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I recently had a project that almost failed miserably. To me it's a complete failure but somehow it passed, shouldn't have, just did. There was a lot of good will on all sides and the blame was shared equally. But now that I put the project files into "cold storage" I wonder what will happen in "the worst-case scenario". You are on a sinking ship, the complexity is exploding because there is a (not so) tiny hole in the specification, the customer is totally flipping out, it simply can't be done period

Ever had to talk yourself completely out of a project midways? How did this work out?
What was your reaction and what did you do (or intended to do) to avoid such things in the future? Like "From now on it's scrum or bust", "Darn, I will never do xyz again", "hm, does my insurance cover that" or maybe even "shit happens, stop whining and get over it"?

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closed as not constructive by Dustin Laine, Abizern, Michael Myers Jul 2 '11 at 17:58

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should be community wiki –  anon Apr 29 '09 at 14:18
    
Your wish is my command :) –  VolkerK Apr 29 '09 at 14:27
    
Worst case scenario does not include any specs. –  Toon Krijthe Apr 29 '09 at 14:45
    
But that would be/should be something you know in advance. "No spec? No spec whatsoever? Err, thanks but no, thanks". That wouldn't(?) happen in the middle of a project ...I suppose. –  VolkerK Apr 29 '09 at 14:51

2 Answers 2

We had a project where one requirement was a guaranteed response time. After a few months into development we couldn't keep up to that promise. And what's worse we kept the problem under the hood way too long. The presentation went like: This is the last milestone and by the way we missed that response time thingy. Complete disaster. I had no part in the following negotiations but from all I've heard it was ugly. There were technical issues and design flaws that had to be addressed without doubt. But in my opinion the most crucial consequences were: We put way more emphasis on status reports now. Not in a micro-managing way, but at least more concise. Problems have to bubble up a lot faster. And internal as well as external presentation cycles now are a lot shorter than they were then. That alone wouldn't have solved the problem of course. But we could have put more, combined afford in time into the issue. And the client might not have reacted as strong as he did. I think you can't get the probability of failure to zero percent, so yes "shit happens, get over it". But you can work on getting it as low as possible. And you can work on what you might call the magnitude of failure. Therefore: do status checks early, address problems early, don't let fissures become hull breaches.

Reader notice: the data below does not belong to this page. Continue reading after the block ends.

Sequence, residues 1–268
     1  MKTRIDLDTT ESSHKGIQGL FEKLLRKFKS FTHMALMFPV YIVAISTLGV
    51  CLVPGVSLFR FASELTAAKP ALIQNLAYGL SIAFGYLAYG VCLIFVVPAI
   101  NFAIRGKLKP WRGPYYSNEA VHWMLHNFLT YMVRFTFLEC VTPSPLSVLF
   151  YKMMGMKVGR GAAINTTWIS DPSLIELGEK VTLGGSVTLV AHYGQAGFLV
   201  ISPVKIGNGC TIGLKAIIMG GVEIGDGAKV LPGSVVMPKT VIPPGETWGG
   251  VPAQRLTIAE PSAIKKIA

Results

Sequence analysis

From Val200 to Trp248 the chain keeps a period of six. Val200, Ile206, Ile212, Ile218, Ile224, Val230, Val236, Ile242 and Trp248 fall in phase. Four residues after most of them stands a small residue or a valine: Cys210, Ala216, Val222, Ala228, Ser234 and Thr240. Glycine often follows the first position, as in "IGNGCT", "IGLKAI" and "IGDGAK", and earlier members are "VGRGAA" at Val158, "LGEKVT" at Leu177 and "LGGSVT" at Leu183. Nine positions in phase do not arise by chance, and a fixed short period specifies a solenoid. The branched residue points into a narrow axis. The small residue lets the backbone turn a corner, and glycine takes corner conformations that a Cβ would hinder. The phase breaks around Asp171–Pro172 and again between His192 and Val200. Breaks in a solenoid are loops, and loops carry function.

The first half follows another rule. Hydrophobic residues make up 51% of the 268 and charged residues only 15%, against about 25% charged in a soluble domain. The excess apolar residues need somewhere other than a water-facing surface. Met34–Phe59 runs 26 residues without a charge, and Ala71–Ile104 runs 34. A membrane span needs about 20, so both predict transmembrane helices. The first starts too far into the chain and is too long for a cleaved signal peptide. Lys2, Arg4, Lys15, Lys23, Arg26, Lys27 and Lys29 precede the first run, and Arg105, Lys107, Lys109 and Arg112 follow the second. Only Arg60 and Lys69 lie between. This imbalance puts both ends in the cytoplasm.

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I quit on a project midway once, I can't say I was fleeing problems, it was mostly that another project interested me better. I went to see my boss, explained to him how I could contribute to the other project while I wasn't very comfortable with my current one. Be honest with your boss, this is the best way to end up where you will truly be happy.

A thing I have done many time is being force to move to a project halfway into trouble. Working like crazy because of the mistakes of other is not the best thing for motivation. The worse, the better you are at saving a project like this, the more prone you are to be assigned to this again because you are "so good at this".

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